Plasma TV's World

Plasma TV and High Altitudes

One of the latest and greatest inventions in recent times is the plasma television. The plasmas superior image quality, lesser weight and smaller footprint over traditional CRT televisions make them more and more common. Being that the main component of a plasma TV is plasma, the question arises about its functionality in high altitudes. Will it still work properly and have the same crystal clear image?

High Altitudes and Gas

Decreasing external air pressure present at higher altitudes can be a problem with plasma televisions. The pixels on a plasma television are actually glass housings containing rare gases and since thinner air causes greater stress on the gases inside the housing most plasma televisions are set up for optimum operation at, or near, sea level conditions.

When you get into higher altitudes, the plasma television needs to work harder in order to handle all the differences in external air pressure. When this happens, the TV will generate more heat and the fans it uses to keep itself cool (if it has them) will work harder. This may cause the set to emit a buzzing sound. Also, because of this, the 30,000 to 60,000 hour half-life (depending on brand/model) of the plasma screen will be reduced in relation to the heat generated due to the higher elevation.

This buzzing sound provides a hint as to the more serious problem: lifespan. The life of a plasma screen depends on how hard the set has to work during its usage lifecycle. Operating these televisions at altitudes above what they were designed can place harmful strain on the components inside. If you live about at or around 6,000 feet, a plasma TV can be more of an annoyance as you are likely to be bombarded with additional noise that can ruin the experience of a plasma TV.

For most this is not an issue, however there are things to think about if you live in an area over 2,500 feet above sea level. If you do live in such an area, you’ll want to check with your retailer to see whether there might be a potential problem. Some plasma televisions are strong enough to work well at altitudes in the range of 5,000 feet or more.

How to Find out?

As always, it is best to do a little research when purchasing a plasma TV and if you live in a high altitude environment, you should talk to your retailer or local dealer. One simple way to check this at the store is to put your hand on one of the display units. Assuming it is working at the same basic altitude, as your set will be, you can get a feel for exactly how hard the set is working. While doing this you can also listen to the cooling fan for any buzzing sound emanating from the case, if you hear the fan buzzing, it’s a good bet you will hear it at home as well. If you discover that a plasma TV is not really functional for your area, you may have to look into an LCD television however, with the leaps in technology we are experiencing, this should not be an all too common problem unless you are around the 5,000 feet levels. A good thing to note, however, is that as more and more people who live at these altitude levels gain access to plasma televisions, units that are specifically designed for that area will become more and more prevalent.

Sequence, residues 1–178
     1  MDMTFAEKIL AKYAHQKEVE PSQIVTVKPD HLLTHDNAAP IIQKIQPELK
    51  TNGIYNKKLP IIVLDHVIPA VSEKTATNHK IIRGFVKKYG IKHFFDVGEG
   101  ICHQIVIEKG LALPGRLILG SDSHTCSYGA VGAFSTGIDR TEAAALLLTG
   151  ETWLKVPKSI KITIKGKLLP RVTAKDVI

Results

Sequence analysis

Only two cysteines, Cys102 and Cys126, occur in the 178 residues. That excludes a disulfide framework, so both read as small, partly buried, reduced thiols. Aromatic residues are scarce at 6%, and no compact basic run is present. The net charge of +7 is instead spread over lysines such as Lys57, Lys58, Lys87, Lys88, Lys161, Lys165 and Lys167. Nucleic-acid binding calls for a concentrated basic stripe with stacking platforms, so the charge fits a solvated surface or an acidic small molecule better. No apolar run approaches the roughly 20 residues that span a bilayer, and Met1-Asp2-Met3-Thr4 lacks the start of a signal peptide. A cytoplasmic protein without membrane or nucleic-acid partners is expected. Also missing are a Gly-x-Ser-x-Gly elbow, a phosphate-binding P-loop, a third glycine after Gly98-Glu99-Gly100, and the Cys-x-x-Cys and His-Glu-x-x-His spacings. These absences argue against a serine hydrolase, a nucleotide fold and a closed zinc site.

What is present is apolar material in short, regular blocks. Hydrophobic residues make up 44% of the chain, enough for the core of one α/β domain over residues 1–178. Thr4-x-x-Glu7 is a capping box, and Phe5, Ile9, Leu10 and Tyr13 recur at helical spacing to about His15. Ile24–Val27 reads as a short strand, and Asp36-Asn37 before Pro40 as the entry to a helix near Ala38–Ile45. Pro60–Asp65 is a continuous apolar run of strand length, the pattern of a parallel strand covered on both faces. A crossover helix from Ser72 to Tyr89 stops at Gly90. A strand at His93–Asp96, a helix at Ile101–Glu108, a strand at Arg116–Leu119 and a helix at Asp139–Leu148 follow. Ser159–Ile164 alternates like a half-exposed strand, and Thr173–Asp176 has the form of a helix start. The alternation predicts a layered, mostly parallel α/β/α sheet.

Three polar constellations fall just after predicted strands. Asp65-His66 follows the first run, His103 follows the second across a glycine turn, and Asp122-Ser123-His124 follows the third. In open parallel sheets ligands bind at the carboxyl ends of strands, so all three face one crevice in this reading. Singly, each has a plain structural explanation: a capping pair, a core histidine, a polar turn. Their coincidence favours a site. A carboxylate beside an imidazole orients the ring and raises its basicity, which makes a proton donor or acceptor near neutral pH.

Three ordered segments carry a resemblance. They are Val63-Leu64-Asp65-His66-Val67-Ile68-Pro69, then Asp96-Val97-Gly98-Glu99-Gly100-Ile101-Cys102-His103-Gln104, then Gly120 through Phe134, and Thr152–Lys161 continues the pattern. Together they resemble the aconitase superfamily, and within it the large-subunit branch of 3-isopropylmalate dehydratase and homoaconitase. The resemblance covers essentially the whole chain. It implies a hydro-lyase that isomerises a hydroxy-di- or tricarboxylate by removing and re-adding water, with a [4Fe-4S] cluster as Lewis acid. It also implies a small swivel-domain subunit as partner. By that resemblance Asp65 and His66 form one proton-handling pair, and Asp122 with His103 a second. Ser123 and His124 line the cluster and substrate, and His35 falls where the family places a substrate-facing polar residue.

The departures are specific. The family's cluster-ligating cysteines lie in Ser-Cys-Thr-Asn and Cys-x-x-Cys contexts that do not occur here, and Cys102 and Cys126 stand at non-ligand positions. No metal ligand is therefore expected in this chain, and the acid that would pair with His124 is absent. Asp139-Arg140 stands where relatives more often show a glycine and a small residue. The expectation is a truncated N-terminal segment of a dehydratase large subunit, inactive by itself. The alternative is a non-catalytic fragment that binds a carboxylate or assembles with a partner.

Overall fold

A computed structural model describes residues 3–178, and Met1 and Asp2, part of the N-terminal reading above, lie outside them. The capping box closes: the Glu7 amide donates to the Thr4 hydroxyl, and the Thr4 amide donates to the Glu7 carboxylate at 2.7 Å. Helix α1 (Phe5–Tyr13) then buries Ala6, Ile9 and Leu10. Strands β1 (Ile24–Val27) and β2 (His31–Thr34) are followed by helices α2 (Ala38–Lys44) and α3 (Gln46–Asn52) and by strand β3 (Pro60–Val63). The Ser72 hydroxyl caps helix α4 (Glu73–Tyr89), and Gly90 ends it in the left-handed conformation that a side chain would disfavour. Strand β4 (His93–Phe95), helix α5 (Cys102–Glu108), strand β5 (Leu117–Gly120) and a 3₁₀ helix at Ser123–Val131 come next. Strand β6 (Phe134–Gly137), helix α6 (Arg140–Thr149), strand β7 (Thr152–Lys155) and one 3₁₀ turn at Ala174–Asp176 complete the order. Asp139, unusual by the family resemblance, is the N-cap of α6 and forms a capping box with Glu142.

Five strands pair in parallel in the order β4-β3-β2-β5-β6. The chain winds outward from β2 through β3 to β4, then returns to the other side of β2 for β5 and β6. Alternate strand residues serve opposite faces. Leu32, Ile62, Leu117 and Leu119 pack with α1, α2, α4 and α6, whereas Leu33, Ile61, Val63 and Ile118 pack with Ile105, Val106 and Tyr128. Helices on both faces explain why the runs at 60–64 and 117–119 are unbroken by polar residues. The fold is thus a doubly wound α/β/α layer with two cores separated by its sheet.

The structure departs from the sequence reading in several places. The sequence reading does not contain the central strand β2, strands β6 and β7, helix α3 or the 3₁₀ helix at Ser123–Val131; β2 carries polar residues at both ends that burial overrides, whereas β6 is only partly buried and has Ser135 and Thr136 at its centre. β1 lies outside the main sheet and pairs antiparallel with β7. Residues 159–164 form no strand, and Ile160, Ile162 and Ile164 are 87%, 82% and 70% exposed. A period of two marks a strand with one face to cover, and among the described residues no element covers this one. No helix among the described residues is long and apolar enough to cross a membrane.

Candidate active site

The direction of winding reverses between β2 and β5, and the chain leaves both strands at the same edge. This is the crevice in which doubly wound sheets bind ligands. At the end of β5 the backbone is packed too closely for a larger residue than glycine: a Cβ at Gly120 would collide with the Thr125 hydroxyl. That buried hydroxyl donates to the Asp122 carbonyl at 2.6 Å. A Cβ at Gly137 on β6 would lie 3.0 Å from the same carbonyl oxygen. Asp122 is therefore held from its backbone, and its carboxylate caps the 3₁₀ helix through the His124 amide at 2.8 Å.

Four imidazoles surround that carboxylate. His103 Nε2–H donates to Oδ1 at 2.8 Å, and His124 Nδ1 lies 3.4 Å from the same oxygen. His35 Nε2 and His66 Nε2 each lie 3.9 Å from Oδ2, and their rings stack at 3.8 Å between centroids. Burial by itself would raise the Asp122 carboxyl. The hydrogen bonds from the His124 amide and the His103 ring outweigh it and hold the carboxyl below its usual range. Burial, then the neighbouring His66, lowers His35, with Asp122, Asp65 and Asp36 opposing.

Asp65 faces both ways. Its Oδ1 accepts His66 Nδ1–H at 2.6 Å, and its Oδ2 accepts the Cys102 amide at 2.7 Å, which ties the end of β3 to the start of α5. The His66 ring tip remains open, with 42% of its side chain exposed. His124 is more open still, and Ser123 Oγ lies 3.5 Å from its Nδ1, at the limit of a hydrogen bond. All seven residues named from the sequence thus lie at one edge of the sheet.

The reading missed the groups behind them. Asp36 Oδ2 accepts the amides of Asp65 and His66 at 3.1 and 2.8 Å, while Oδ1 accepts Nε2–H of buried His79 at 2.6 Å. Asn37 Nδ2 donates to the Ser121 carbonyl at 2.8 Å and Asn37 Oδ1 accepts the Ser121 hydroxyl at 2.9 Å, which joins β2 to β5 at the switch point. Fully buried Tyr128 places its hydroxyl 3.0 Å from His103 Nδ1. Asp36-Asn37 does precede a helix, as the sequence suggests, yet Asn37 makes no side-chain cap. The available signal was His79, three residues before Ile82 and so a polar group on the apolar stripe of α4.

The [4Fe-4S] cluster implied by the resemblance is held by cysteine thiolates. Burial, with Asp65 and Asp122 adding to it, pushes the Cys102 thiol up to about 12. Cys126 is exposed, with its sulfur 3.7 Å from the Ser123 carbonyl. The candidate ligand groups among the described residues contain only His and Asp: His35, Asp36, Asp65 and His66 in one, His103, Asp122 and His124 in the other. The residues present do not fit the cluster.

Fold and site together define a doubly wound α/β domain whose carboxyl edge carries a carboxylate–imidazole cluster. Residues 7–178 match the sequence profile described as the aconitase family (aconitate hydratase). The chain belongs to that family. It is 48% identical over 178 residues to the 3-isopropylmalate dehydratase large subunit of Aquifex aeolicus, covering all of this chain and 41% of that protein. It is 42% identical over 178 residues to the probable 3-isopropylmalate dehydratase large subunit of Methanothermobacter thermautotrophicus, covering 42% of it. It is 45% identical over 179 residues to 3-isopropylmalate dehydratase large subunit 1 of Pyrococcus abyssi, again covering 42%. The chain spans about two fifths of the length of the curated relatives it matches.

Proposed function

Options at Higher Altitudes

The decreased air pressure found at higher altitudes can cause a number of problems with a plasma television set. As the technology used to make these sets gets better and better, the sets are becoming more resilient at these higher altitudes and are being calibrated to work properly regardless. At the present time; however, higher altitudes and plasma television sets are not the best of friends and there are alternatives if you really want to get away from the bulky old CRT sets.

One such option is an LCD screen. Airplanes use LCD screen because of the altitudes and the cabin pressurization needed for flight. The LCD screen is comprised of tiny crystals instead of a gas like a plasma TV. Since there is no gas these types of screens at higher altitudes are not problematic at all. There are also companies who have designed plasma televisions specifically for use in very high altitude areas; however, because of this specialization, the set will cost considerably more than a standard plasma TV so you need to think if the price difference is really worth it to you or not. You will need to check the elevation information for your city to find out if this is a concern for you. If you're not sure what your local elevation is, you should do a little research on the area and what companies are saying about their individual plasma sets in the altitude that matches yours.

Head out to your local retailer and touch the screens and feel the heat from them. Listen to them as they work for a buzzing sound coming from them, turn the sound down on the set if it’s on first. You may find that your area doesn’t cause a problem for the sets.